Malad Valley Welsh Foundation, Malad City, received $1,800 to help support presenters at the 2018 Malad Valley Welsh Festival. Lucie Thomas Washburn will present the history and culture of Wales, Carla Kelly will discuss the process used to research her second historical fiction book about Welsh miners, and Annette Davis Elcock and Mary Alice Christophersen Telford will provide an introduction to Wales annual eisteddfod, the poetry and music competition. The project director is Gloria Jean Thomas.
Museum of Idaho, Idaho Falls, was awarded $6,000 to bring the exhibit "The Power of Steampunk," to Idaho Falls. The exhibit showcases the cultural phenomenon known as steampunk which is influenced by 19th century authors and Victorian aesthetics combined to bring history, technology, culture and STEAM education to the region. The project director is Kimberly Lee.
Sam Rodius Memorial Park Association, Coeur d’ Alene, was awarded $1,976 to capture the oral histories of Cougar Gulch and the Meadowbrook Community Hall. Sponsors note that Cougar Gulch was isolated from Coeur d’ Alene by the Spokane River and its residents have a distinct history. The project director is Courtney Beebe.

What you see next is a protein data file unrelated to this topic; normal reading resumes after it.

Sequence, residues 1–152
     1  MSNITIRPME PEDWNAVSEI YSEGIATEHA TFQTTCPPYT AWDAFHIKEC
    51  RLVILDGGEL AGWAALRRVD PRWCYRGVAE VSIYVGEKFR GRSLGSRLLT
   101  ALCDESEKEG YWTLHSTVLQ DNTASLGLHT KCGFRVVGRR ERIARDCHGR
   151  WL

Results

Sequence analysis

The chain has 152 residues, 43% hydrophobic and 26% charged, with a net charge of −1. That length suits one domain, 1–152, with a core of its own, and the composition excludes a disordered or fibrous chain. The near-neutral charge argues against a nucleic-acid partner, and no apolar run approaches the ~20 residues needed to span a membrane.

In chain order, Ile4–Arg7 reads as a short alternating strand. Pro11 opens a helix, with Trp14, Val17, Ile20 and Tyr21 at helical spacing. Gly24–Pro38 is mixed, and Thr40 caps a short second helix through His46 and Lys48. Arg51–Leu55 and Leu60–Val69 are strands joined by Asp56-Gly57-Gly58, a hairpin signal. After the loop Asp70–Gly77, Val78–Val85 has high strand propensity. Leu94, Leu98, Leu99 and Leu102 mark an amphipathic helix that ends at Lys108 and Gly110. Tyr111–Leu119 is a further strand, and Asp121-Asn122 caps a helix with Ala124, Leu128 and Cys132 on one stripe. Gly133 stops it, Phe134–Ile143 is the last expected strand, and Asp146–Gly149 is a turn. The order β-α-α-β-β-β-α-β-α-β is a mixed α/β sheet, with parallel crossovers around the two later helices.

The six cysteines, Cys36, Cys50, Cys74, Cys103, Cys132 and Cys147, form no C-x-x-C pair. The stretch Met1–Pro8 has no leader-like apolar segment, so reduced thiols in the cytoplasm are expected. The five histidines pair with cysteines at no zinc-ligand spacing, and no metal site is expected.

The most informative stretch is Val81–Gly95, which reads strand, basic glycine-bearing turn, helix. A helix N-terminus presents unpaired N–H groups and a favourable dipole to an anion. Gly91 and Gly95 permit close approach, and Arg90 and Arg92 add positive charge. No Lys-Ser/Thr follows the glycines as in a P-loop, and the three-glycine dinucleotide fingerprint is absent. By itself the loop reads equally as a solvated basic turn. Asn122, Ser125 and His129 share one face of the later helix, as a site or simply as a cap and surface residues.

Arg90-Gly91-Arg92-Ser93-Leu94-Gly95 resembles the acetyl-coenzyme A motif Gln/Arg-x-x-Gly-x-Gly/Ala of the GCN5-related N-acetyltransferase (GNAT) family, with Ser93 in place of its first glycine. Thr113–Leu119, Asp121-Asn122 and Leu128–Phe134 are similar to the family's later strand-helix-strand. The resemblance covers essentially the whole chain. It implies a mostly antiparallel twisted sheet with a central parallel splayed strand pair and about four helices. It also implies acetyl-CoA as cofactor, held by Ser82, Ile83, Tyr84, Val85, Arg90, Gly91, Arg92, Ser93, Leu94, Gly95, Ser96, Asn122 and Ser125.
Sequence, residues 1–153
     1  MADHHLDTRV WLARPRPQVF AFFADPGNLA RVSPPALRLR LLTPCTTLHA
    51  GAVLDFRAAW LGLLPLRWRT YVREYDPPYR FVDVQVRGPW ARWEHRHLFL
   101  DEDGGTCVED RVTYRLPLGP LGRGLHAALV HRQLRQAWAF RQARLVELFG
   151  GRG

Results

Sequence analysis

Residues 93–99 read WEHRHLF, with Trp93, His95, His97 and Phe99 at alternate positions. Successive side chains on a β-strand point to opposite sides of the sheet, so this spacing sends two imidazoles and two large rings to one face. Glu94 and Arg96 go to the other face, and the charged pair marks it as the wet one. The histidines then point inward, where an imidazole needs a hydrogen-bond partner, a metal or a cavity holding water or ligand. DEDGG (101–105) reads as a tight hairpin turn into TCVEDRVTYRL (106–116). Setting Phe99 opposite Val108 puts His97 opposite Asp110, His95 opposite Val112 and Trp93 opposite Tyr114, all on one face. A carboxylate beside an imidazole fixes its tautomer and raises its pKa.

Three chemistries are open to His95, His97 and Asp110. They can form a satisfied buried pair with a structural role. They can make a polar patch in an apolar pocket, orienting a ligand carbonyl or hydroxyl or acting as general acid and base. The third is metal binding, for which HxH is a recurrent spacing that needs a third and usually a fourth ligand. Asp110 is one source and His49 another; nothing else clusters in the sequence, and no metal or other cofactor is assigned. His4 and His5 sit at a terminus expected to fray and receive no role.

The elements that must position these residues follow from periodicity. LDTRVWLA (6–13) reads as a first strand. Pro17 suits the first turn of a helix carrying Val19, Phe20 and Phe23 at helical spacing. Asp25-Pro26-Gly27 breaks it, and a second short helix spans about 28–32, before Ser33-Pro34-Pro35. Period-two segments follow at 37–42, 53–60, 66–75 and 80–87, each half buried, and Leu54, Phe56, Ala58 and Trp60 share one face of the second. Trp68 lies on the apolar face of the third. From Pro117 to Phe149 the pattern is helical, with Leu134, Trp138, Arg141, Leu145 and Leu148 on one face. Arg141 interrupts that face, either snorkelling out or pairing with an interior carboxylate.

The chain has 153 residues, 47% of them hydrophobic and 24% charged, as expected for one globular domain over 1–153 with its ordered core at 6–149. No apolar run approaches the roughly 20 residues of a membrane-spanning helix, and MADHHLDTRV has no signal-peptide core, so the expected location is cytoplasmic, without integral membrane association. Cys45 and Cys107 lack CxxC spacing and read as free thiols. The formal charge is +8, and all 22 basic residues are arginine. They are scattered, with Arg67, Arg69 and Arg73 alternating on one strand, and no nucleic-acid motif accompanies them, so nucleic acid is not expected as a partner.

Trailing of the Sheep Cultural Heritage Center, Inc., Hailey, received $2,000 to invite Sofian Khan and Andrés Caballero (Gaucho del Norte) and Carolyn Dufurrena Sheepherders with Cell Phones) to screen their films at the 2018 Trailing of the Sheep Festival. The first film follows the path of sheep herders coming to the United States and the second examines how cell phones have changed the lives of sheep herders in isolated ranges. The project director is Laura Drake.
Twin Falls County Historical Society Museum, Filer, was awarded $2,000 to help support a series of educational field trips to several local landmarks. Led by archaeologists and presenters from the Preservation Commisssion, participants will visit the Milner Dam area, the Artesian City, Cauldron Linn, and the Hagerman Fossil beds. The project director is Laurie Warren.
University of Idaho, Moscow, received $1,000 to collect oral histories about the former Riverside Dance Hall in Potlatch, Idaho, once host to Johnny Cash, Hank Williams, and Duke Ellington. Serving as the town’s cultural center for many years, the goal is to explore the dynamics that have sustained Potlatch since its mill closed for good in 1981. The project director is Diane Kelly-Riley.